Joan Aiken, Dido and Pa (1986)
Joan Aiken, Is Underground (1992)
Joan Aiken, Cold Shoulder Road (1995)
Joan Aiken, Midwinter Nightingale (2003)
Joan Aiken, The Witch of Clatteringshaws (2005)
In Dido and Pa, we finally return to the setting and characters of Black Hearts in Battersea, the book that to me defines the tone and spirit of the series as a whole. Though we’ve ranged around the world since then, it feels like coming home to meet Simon and Sophie once more, along with a colorful cast drawn from London low life and high society, all embroiled in yet another ridiculous Hanoverian plot.
Along with the usual zany escapades, there is much that is dark and sad in this book, which as the title suggests is largely concerned with the final reckoning between Dido and her rascally father. Aiken’s villains are always deliciously blackhearted, and given to co-opting child characters for their own ends. But when the protagonist’s father sees his own children as nothing but pawns to be played and discarded at will, it takes the villainy a notch further and brings it closer to reality, sometimes uncomfortably so.
There was a missed opportunity, I felt, to delve further into Pa Twite’s character. Dido briefly questions how he can have such an extraordinary gift for music yet enact such evil; and also wonders whether his behavior has its origins in such a neglected upbringing as she has had. Weighty issues for a children’s adventure novel, perhaps, but upon rereading it in adulthood these were exactly the questions I wished had been explored further. Alas, they are only mentioned in passing, and Pa’s career is brought to an abrupt and vengeful close that cuts off any hope of redemption or even of understanding. With a more complex and balanced ending, a good book could have been made truly extraordinary.
The next two entries in the series leave Dido and Simon behind once more to focus on a newly introduced character named Is, another neglected urchin who takes on a role similar to the one her sister Dido has grown out of. (Though in Dido and Pa it was only faintly implied that Is might be Dido’s half-sister, in Is Underground this fact is taken for granted. This is not the only inconsistency in the series, and to avoid frustration one must read them with a large dose of forgiveness for factual slips.)
The pattern of the stories is well established by now, with quests to rescue missing children (and parents), megalomaniac villains, and situations of doubt and danger, and by this point I don’t feel the need to go into great detail. The fertility of Aiken’s tartly ironic imagination is fully evident in her creation of the despoiled city of Blastburn, a marvelously eccentric assortment of Twite relatives, and the oppressive Silent Sect, and I found much to enjoy in these. But I was severely disappointed by the introduction of an unsupported plot device (self-willed mental telepathy) that robbed the narrative of much of its tension and drive. Convenient for getting characters out of scrapes, yes; convincing, no.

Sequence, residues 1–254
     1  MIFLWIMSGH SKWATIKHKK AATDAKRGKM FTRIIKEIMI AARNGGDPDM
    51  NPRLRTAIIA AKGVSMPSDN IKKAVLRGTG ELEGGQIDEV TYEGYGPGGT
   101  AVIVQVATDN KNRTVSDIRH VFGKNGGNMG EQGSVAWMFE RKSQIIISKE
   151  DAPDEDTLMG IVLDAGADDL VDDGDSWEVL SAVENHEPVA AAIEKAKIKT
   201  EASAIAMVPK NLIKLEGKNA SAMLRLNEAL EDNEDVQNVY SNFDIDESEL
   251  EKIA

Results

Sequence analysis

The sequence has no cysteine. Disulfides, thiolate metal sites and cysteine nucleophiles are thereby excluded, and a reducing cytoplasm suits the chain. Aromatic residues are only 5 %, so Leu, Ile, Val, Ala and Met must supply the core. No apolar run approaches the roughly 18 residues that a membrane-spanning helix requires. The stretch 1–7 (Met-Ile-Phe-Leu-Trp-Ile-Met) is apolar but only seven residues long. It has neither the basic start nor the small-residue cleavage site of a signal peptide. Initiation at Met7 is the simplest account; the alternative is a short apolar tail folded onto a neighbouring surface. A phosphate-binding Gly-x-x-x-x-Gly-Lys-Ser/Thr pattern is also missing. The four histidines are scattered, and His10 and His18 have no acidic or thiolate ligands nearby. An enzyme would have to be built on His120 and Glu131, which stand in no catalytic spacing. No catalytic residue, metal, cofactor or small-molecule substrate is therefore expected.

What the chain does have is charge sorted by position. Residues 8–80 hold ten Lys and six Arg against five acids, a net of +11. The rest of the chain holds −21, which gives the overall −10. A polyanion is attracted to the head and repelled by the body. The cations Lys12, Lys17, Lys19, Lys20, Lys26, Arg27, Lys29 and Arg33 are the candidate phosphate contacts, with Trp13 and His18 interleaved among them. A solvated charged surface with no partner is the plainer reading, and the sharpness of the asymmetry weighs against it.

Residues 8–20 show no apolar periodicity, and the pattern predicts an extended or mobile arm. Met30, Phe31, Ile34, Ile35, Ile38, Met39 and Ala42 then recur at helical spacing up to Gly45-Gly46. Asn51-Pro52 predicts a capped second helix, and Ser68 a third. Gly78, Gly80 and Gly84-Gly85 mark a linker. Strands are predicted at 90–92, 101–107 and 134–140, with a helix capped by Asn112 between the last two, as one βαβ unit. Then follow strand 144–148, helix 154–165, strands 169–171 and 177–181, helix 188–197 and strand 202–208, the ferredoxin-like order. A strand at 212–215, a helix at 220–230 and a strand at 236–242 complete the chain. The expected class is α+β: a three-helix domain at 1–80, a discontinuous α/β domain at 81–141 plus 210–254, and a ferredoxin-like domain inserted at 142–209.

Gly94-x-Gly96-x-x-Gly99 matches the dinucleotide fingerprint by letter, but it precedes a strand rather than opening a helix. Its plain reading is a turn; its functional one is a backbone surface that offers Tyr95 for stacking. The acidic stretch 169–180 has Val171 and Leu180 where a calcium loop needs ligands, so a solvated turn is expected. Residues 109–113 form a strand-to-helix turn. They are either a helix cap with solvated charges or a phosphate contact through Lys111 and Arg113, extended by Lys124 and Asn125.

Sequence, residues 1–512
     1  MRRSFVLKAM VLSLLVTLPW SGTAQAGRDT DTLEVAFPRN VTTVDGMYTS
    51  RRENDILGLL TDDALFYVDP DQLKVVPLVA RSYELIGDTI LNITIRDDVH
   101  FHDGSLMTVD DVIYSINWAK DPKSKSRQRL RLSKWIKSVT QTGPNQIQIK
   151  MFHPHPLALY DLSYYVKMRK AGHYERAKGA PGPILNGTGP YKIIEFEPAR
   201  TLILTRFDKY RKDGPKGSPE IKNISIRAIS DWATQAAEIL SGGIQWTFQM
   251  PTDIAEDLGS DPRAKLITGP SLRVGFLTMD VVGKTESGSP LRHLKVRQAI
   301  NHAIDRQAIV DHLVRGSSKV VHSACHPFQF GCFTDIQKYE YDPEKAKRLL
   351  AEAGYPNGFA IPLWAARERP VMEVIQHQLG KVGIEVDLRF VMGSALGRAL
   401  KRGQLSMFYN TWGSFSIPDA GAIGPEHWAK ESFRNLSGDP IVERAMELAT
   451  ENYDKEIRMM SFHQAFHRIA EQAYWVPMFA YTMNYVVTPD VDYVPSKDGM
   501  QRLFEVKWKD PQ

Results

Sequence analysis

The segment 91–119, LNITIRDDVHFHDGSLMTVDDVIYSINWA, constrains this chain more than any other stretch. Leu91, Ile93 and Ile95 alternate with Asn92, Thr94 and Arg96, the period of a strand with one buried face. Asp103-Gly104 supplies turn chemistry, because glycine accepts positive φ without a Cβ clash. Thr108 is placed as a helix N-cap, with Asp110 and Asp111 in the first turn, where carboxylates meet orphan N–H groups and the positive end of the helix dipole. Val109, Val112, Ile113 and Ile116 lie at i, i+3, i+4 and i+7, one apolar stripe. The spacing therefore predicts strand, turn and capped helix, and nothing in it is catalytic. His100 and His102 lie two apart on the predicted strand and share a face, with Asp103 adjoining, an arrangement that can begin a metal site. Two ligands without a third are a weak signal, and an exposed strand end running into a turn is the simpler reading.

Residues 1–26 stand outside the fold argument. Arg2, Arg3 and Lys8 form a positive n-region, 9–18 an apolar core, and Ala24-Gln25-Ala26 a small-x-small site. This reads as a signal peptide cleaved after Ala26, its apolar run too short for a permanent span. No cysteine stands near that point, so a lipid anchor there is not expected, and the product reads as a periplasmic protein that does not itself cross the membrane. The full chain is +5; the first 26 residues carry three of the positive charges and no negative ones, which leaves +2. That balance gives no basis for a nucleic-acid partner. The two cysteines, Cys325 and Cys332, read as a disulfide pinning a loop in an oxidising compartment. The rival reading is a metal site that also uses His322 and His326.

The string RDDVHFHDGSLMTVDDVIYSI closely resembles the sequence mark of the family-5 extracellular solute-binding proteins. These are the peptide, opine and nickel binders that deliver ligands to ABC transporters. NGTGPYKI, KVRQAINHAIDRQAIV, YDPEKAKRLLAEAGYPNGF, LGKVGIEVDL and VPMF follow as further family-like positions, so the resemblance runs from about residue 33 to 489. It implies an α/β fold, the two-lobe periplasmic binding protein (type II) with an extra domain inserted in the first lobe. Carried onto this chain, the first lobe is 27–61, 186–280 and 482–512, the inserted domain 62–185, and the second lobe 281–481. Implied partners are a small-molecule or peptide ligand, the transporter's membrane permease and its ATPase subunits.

One feature that I did appreciate was how different aspects of language and folklore were put into play in each book. In Dido and Pa there are the singing games played by homeless children, which form an ironic counterpoint to the action; in Is Underground, it’s the riddles for which great-grandfather Twite has a passion (and which play a key role in the plot). In Cold Shoulder Road, Is’s cousin Arun displays a turn for song-making that may bring back Pa Twite’s gift of music in a new and more truly healing way. Aiken’s riffs on traditional wordplay and storytelling are always a delight, as she is able to honor the old forms while bringing them new life through her own idiosyncratic voice.
The two final books in the sequence, Midwinter Nightingale and The Witch of Clatteringshaws, were written at the very end of Aiken’s long and productive career. These continue to demonstrate her limitless store of ideas, but tend to fall short in creating a satisfying plot structure. Here the story returns once more to Simon, a reluctant King-in-waiting, and Dido, who finds her way in and out of many more sticky situations while trying to help him. There are marvelous isolated moments and characters — a werewolf confined in the Tower of London, a social-worker witch who lives in an abandoned coach park – but also too many random twists, sudden deaths, and cut-off plot threads. (Even though Sylvia and Bonnie from the first book finally get a mention, if not an actual appearance in person – something I’ve been waiting for all along.)
In spite of this disappointing lack of artistic closure, Joan Aiken’s ability to make readers wonder, imagine, smile and shiver has made the wild journey through twelve books — written over more than forty years — all worthwhile. The first five books remain my favorite, but whatever volumes of the Wolves chronicles you choose to sample, you’ll find an extraordinary imagination at work.